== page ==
## Introduction And Historical Development 189

Thomas Fletcher 5.1 in 1887 used a blowpipe, burning hydrogen and oxygen and showed that he could successfully cut or melt metal. In 1901 -1903 Fouche and Picard developed torches that could be used with acetylene and, thus, the era of oxyacetylene welding and cutting began. The period between 1903 and 1918 saw the use of welding primarily as a method of repair, the greatest impetus occurring during World War I (1914-1918). Welding techniques proved to be especially adapted to repairing ships...

## Problems

All problems are to be done according to the ALSC Load and Resistance Factor Design or Allowable Stress Design, as indicated by the instructor. The requirement of W section is intended to include W. S, and M sections, All given loads are service loads unless otherwise indicated. If needed, assume service loads are 2 3 I factored loads unless otherwise indicated. Assume lateral support consists of transnational restraint but not moment i rotational) restraint, unless otherwise indicated. Assume...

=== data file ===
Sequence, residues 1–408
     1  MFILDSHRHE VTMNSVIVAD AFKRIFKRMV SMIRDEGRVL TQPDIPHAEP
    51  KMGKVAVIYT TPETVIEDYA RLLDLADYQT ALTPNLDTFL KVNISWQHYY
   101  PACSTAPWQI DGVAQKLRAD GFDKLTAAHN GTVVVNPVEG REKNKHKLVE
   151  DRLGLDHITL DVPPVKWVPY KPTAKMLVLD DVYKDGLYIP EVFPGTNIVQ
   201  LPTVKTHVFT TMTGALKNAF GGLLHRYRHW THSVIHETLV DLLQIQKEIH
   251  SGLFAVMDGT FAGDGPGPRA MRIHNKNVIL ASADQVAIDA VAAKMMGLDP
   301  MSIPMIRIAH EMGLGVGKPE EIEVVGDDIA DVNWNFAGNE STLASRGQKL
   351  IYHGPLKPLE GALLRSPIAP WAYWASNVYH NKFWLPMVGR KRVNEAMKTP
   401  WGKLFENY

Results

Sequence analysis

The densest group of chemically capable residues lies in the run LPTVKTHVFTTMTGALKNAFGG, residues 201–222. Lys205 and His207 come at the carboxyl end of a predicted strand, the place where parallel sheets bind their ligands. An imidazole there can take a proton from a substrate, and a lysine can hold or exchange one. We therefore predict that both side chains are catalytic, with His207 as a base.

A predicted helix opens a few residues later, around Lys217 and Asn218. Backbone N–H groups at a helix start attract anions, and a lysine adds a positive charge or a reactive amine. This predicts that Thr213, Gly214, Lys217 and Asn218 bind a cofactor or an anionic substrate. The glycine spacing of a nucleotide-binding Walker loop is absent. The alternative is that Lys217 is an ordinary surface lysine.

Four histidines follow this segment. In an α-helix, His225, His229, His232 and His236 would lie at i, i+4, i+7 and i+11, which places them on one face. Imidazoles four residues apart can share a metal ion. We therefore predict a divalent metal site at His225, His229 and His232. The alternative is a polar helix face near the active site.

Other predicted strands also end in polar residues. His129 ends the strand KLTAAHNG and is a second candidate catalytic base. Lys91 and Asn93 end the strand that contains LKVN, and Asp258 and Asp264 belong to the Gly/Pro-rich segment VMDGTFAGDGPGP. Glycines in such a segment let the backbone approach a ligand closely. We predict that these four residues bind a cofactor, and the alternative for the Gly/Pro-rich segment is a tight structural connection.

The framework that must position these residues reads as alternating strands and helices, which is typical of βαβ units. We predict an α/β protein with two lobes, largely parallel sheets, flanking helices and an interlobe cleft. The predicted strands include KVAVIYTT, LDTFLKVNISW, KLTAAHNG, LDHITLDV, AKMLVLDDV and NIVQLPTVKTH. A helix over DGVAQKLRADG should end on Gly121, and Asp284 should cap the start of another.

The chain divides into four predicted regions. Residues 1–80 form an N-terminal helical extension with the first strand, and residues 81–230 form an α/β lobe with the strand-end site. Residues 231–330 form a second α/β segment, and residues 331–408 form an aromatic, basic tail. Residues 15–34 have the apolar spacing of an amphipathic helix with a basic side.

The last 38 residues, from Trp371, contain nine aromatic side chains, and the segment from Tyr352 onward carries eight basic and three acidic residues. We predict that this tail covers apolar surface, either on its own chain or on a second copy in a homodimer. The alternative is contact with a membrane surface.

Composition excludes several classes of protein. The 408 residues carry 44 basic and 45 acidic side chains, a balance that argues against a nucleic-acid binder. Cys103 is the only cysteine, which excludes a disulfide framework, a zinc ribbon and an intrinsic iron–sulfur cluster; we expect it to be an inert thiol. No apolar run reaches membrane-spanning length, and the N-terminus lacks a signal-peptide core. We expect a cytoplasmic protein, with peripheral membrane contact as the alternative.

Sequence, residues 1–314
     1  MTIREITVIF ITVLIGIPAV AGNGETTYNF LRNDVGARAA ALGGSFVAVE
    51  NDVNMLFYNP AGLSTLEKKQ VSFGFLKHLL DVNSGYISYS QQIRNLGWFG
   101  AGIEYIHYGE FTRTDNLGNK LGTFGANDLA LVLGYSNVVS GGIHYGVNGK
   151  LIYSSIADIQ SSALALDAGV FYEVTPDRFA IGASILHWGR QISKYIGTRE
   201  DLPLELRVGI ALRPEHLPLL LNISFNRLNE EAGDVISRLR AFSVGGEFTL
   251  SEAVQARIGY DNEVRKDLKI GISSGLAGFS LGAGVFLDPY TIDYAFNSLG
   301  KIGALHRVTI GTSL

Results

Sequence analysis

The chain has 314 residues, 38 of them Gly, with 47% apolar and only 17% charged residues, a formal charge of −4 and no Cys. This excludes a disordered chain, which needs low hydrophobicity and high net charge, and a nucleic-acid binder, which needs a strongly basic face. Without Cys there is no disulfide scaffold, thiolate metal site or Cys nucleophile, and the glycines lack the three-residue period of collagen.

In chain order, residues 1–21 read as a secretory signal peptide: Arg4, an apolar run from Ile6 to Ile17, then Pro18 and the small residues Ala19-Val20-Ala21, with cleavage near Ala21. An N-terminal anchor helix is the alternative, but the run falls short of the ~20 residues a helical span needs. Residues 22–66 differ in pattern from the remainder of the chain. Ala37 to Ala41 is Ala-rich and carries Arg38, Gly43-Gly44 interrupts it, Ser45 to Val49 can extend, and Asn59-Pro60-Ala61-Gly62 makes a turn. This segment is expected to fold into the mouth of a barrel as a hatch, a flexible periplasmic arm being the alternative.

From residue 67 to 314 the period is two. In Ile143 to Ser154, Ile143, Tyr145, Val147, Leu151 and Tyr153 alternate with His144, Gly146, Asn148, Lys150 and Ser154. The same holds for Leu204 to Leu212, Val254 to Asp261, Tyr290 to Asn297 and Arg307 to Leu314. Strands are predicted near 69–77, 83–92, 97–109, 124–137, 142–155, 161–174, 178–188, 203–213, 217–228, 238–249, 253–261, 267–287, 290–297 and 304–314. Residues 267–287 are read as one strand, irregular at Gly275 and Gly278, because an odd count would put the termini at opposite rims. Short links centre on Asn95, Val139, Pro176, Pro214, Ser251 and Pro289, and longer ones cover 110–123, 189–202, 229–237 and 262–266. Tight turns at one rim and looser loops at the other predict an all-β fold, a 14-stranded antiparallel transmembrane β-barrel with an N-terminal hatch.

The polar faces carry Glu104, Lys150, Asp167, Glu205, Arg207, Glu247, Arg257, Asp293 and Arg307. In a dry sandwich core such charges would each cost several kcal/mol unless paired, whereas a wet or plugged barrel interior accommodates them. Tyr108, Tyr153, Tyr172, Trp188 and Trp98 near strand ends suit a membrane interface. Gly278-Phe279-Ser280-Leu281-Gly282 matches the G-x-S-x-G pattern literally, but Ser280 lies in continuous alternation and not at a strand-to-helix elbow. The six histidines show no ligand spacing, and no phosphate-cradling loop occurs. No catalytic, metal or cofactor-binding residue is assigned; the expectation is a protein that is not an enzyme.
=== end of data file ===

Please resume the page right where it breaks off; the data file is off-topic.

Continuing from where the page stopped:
## Analogy Between Torsion And Plane Bending

Because the differential equation solution is time consuming, and really suited only for analysis, design of a beam to include torsion is most conveniently done by making the analogy between torsion and ordinary bending. Consider that the applied torsional moment T of Fig. 8.6.1 can be converted into a couple PH times h. The force PH can then be treated as a lateral load acting on the flange of a beam. The substitute system will have constant shear over one-half the span, a diagram as given in...

## Exx

Fu tensile strength of base material Fexx tensile strength of electrode material 70 ksi for E70 electrodes Sections b-b and c-c will not be critical since two lines of weld transfer load across two sections, as shown in the equation for maximum effective weld size across those sections, lt M0.707 0.60FHXX lt M0.6Fji2 Considering the four fillet welds of Fig. 5.14.1b, sections d-d and e e are the same as section a a therefore, Eq. 5.14.9 applies. On sections - and g-g four fillet welds transfer...